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Estimating age-specific influenza-associated asthma morbidity in Ontario, Canada

Feldman LY, Zhu J, To T. Respir Med. 2019; 155:104-12. 2019; Jul 17 [Epub ahead of print]. DOI: 10.1016/j.rmed.2019.07.017.


Background — There is a need to quantify the potential benefits of influenza-focused interventions in reducing asthma morbidity at a population level. This study aims to estimate age-specific annual excess asthma morbidity attributable to influenza in Ontario, Canada.

Methods — Weekly counts of hospitalizations, emergency department (ED) visits and outpatient physician office visits for asthma were obtained from health administrative data in Ontario from 2010 to 2015, for ages 0-14, 15-59 and 60+. Asthma morbidity was modelled as a function of influenza A and B activity using linear regression, controlling for seasonal and long-term trend, mean temperature and respiratory syncytial virus. Excess asthma morbidity attributable to influenza was calculated as the difference between full model predictions and model predictions with influenza A and B variables set to 0.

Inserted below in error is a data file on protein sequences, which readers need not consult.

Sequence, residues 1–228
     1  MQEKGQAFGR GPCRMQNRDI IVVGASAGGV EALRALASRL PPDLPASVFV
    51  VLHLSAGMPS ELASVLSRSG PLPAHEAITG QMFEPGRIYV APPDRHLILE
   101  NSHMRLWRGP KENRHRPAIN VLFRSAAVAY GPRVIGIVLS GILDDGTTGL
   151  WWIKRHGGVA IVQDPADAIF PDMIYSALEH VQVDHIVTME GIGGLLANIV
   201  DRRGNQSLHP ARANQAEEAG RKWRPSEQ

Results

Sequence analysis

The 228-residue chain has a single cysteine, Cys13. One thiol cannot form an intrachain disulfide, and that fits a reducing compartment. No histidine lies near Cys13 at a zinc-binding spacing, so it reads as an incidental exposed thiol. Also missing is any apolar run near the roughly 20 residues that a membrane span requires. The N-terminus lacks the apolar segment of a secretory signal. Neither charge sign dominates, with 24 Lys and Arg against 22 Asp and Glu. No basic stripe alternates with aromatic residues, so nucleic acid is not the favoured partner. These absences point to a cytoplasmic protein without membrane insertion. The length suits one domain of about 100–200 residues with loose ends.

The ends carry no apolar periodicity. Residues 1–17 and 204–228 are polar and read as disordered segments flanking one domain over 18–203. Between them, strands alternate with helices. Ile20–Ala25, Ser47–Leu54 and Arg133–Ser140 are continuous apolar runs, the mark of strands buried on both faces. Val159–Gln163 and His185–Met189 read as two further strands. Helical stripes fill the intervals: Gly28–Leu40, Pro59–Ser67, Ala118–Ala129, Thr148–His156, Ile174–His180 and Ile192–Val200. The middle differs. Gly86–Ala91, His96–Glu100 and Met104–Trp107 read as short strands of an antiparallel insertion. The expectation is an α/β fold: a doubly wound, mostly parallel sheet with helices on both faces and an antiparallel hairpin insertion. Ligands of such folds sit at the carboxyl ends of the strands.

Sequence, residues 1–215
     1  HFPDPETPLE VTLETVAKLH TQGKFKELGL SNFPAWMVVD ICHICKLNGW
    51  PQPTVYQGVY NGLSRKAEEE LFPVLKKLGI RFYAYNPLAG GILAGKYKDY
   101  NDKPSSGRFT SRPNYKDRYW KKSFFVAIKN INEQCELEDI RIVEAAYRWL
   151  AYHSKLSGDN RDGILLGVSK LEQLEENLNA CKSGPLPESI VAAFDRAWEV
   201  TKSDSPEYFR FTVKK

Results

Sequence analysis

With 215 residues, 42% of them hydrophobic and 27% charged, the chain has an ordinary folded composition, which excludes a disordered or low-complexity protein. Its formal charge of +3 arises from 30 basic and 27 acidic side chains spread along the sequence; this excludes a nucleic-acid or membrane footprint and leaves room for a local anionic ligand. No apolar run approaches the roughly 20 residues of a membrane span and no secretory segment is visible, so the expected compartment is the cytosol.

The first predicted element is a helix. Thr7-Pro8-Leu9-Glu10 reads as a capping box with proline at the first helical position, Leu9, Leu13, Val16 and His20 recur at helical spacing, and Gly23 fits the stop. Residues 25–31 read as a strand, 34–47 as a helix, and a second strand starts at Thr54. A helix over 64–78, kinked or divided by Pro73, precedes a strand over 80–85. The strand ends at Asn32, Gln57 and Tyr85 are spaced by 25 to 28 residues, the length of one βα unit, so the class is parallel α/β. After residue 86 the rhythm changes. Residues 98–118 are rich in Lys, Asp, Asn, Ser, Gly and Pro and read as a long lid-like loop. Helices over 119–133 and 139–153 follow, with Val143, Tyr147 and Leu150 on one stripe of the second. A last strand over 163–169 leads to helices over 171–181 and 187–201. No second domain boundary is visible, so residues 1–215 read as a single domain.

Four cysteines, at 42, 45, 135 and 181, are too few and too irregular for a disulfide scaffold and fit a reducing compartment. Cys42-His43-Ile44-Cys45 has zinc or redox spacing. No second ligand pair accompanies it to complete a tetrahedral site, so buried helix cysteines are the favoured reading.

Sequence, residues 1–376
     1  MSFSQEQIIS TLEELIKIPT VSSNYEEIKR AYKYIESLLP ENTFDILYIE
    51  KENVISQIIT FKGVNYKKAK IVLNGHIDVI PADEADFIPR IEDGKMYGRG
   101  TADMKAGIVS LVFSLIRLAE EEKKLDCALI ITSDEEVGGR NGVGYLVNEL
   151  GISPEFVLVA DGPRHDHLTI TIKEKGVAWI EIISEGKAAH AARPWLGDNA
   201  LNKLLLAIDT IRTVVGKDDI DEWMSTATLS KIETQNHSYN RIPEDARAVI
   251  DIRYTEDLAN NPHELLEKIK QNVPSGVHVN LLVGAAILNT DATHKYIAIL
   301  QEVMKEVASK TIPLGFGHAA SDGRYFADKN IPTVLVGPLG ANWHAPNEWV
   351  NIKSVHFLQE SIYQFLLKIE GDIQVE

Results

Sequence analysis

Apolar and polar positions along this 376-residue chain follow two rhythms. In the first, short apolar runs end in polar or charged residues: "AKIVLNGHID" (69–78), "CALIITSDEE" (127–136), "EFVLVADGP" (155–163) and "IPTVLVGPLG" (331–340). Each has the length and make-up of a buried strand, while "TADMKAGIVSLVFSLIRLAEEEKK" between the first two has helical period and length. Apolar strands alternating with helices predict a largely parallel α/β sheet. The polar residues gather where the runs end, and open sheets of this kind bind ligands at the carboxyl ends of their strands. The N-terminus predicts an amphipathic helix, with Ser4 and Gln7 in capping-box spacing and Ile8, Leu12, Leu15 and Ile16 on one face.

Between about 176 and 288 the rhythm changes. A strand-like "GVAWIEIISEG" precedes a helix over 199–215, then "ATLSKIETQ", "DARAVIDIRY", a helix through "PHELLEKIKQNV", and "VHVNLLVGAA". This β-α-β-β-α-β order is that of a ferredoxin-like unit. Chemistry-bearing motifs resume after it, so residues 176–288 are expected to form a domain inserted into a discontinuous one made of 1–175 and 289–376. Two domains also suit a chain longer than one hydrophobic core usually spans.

Results — Annually, influenza was associated with the following rates of excess asthma morbidity, per 100,000 people with prevalent asthma: 12.5 hospitalizations for ages 15-59 (95% confidence interval (CI): 1.1-23.5); 35.7 hospitalizations for ages 60+ (95% CI: 3.3-67.1); 114.1 ED visits for ages 15-59 (95% CI: 46.9-181.6); 154.6 ED visits for ages 60+ (95% CI: 86.7-223.3); and 1025.7 outpatient physician office visits for ages 60+ (95% CI: 79.0-1877.3).

Conclusions — Influenza was associated with excess asthma hospitalizations and ED visits for ages 15-59 and 60+ and outpatient physician office visits for ages 60+. Individuals with asthma aged 15-59 and 60+ might be important targets for influenza-focused interventions, to reduce asthma morbidity at the population level.

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